photo credit: Simon Howden
Four weeks ago I wrote this post about doing the "thing" I'm supposed to be doing. Which, I think, might be writing.
And in that same post I asked you to pray for me that I would have the discipline to write for two hours a day, five days a week for four weeks.
Several of you wrote to me to tell me that you were doing just that--praying. For me. Can I just tell you how humbling that is? And how accountable to you I have felt over the past weeks?
So now I'm here to report back. To give you an update on how I did and the progress, if any, I made.
I'll be honest. This was hard. Some days I did well, tackling my work with gusto, feeling really good about the progress I was making.
But that was in the beginning. And very shortly after that first week I started to feel like I was getting way, way behind on everything in my life. I had other work to do for an upcoming women's retreat that I'm doing in a couple of weeks, and I was really getting overwhelmed with it all.
So I had a long talk with B (who always sees things so rationally), and he helped me see that two hours a day of writing was two hours a day of writing that I wasn't doing before. It didn't matter if I was writing a book or a speech as long as I was writing.
From that point on, I started to feel a little better. I had to put the book project down for a while so that I could focus on the retreat stuff, but at least I felt like I was devoting myself to two hours of writing every day.
I won't lie to you--this has been hard. I have three kids still living at home. Three kids with active lives. And a husband with a demanding schedule. So someone has to hold things together, and that someone is me. I like my role; I'm not complaining. I'm just pointing out that two extra hours each day--ten hours a week--is not easy to find in my life.
But it's doable. And I have done it.
I've learned a lot over these past four weeks, which is maybe why God had me throw out that challenge to myself. It hasn't all been pretty, but here is some of what I've learned through this little experiment.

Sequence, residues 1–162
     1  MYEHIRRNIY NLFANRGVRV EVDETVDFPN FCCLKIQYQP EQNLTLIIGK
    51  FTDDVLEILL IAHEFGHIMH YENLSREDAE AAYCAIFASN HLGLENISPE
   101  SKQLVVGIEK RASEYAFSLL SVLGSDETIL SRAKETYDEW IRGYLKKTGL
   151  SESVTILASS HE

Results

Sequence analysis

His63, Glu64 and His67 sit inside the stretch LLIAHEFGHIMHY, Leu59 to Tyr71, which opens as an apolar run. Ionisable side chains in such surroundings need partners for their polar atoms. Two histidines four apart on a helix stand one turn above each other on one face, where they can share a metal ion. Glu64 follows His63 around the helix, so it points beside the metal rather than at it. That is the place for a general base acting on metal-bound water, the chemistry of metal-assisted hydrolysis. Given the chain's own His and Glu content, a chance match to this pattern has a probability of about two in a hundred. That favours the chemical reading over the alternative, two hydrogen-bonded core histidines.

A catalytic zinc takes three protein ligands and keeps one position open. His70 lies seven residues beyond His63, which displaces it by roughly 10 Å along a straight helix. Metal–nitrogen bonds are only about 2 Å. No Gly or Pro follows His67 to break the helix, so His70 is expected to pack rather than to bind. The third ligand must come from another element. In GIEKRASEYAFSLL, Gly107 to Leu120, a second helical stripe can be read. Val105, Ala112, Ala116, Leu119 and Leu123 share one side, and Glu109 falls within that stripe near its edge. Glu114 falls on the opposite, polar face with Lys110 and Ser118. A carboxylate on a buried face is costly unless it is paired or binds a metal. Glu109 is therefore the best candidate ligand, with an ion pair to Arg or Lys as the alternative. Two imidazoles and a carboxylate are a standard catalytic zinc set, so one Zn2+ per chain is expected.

1. Time is a gift, use it wisely. Like I said, my time is not my own these days, so when I have time I need to use it the best that I can. These weeks have challenged me to not waste a minute, and when I have a minute I need to sit down and write.
2. My family is awesome. Well, O.K., I knew this before, but throughout this past month they have been amazingly supportive. "Mom, did you write today?" seemed to be the mantra around our house. Funny thing is, that never became a bother to me--it just spurred me on to be even more accountable because I knew my kids were paying attention.
3. It doesn't matter what I work on as long as I write. I felt so bogged down by working on one project at the beginning, but then felt much less burdened when I allowed myself to just work on the speeches. Besides, those were my top priority anyway.
4. When you're doing what you're supposed to be doing and people are praying for you, satan (little "s"--remember?) will try every trick in the book to divert your attention.
The end of last week is the best example I can think of. I rarely get headaches, but last week I think I had a headache every single day. I got grumpy and fidgety and fussy, and I didn't think I could get the work done. On Thursday I had carved out a couple of hours to work at the college library nearby, but as soon as I got started I got a crashing headache. After 30 minutes I just had to stop working because I couldn't look at my computer screen anymore.
I was bummed. It felt like an attack.
On Friday I got up and prayed that I would be able to really dig deep and get some work done. After having breakfast with one of my most encouraging friends, I came home and set myself into my best working spot in the house. I only had two hours until I had to get to the next thing on my list. Just two hours. And in those two hours I cranked out so much writing that I kept looking at the clock. Every five minutes seemed like an hour--I was putting so much down on paper (on screen?). It was surreal how much I got done in those two hours.
And Friday was my last day of my formal commitment to my praying friends. So weird. So much like God.
Finally, I want to say thank you to each one of you who committed to pray for me. Whatever that looked like for you--whether a one-time prayer or an every-day thing--it made a difference for me.
The biggest thing I got out of this little challenge? Maybe just a smidge more discipline than I had before. And that is probably the thing I needed the most.